I had fun the other day while having lunch at an outdoor table at the Napa Valley College café.
A couple of students in their 20s walked up and asked if they could share the table.
Of course, I said. It’s not my table, it’s yours.
The college motto is “It’s all about the students,” I told them.
The woman, who is from South America, started the conversation by saying her Digital Arts instructor had the class make a flipbook animation on the first day of class.
She asked her friend if he knew what a flipbook is. He responded in Mandarin Chinese and she picked up the conversation from there.
It turns out she lived in Beijing for a time.
Speaking Mandarin, the woman started talking with her new friend about tennis. She had a difficult time finding the Mandarin word for “tennis,” but her gentleman friend from China helped her out.
They spoke in that language for a while, then came back to English.
She suggested they play tennis later in the week. He agreed. She asked who he thought might win. He said he would, “of course.”
I had to laugh out loud.
That’s when the man waved to his friend at the next table. The friend came over and sat down.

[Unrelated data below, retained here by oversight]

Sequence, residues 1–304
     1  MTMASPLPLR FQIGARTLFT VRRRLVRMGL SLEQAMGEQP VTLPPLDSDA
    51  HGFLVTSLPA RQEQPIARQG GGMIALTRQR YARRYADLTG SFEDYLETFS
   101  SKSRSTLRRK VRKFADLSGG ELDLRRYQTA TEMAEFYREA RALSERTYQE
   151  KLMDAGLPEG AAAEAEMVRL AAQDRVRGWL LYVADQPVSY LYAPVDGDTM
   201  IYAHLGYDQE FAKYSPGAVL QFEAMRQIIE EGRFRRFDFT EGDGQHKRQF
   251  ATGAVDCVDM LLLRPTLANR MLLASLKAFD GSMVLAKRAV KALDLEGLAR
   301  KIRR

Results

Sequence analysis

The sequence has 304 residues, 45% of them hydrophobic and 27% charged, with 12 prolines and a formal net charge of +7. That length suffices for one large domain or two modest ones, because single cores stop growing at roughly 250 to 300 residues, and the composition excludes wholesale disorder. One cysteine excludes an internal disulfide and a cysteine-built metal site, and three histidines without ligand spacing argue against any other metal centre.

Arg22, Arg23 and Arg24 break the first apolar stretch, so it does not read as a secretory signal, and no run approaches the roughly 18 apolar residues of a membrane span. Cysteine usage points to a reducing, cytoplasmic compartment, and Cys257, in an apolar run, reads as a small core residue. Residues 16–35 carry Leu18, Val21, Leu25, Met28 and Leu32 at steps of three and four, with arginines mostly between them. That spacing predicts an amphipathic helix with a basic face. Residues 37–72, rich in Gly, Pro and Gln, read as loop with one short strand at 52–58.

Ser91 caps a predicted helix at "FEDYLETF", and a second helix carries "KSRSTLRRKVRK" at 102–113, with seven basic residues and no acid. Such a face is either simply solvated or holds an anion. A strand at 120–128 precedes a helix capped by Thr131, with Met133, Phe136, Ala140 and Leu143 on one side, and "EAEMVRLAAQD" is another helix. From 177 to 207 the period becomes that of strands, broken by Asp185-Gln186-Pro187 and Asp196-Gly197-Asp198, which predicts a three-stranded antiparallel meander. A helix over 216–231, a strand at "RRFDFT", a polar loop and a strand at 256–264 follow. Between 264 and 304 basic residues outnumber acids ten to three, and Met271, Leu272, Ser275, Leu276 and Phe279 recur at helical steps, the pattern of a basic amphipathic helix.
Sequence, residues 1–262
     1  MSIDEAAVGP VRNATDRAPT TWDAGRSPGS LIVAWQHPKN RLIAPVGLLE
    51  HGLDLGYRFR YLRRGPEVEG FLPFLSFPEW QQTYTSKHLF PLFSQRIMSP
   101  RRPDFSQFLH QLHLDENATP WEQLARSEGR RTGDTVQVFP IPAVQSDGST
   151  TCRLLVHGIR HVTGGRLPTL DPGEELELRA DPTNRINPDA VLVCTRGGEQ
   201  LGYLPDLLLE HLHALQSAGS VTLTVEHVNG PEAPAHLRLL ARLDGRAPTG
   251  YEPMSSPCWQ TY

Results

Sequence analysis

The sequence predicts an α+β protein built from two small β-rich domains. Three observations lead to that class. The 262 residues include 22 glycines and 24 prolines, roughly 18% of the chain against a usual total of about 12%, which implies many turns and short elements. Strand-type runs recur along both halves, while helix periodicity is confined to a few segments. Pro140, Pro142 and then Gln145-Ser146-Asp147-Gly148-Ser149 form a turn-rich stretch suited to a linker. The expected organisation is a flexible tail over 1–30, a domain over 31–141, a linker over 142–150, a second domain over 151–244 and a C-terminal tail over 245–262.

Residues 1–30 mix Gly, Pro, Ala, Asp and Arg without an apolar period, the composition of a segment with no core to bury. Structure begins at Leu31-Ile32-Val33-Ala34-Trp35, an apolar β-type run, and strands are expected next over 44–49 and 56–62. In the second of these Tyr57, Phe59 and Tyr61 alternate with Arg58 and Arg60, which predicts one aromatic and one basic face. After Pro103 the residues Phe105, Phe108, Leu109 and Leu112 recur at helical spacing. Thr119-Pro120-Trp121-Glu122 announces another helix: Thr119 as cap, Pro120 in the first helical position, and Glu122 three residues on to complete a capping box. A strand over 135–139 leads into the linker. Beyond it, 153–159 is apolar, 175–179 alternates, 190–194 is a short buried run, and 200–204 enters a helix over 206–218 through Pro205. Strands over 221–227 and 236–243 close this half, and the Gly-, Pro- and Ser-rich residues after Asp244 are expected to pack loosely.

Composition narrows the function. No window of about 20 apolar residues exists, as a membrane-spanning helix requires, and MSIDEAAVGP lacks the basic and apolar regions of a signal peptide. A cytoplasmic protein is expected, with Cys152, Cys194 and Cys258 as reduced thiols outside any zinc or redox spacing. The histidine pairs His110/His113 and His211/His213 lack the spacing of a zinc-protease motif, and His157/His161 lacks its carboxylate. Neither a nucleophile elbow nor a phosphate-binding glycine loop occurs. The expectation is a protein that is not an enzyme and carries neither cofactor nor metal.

He spoke English, then Mandarin, then English again. The friend, who was from Hong Kong, asked the woman her name and age.
I had to laugh out loud again.
I changed the subject and asked about their major areas of study. The woman explained she is a Digital Arts major from Chile.
Her friend from China said he is majoring in English. His friend from Hong Kong said he is preparing for a career in hospitality.
I told the man from Hong Kong that his friend from China already landed a date with the woman from Chile, to play tennis. The man from Hong Kong invited himself to play with the couple.
I laughed again and told them I had to get back to work.
The lunchtime experience reminded me of something a friend of mine said recently – that a community college is one of the very few places in the world where people from diverse backgrounds come together for a common purpose – to prepare for a future in the American workplace.
I felt proud to be a part of the trio’s conversation.
As I left, I thanked them for letting me in on their get-acquainted session.
They thanked me for letting them sit at “your table.”
As I walked away, I thought about the act of breaking bread around a table with new friends, and I felt privileged – and very honored – to be able to bring this simple story of community college life to Napa Valley Register readers.
Thanks for reading.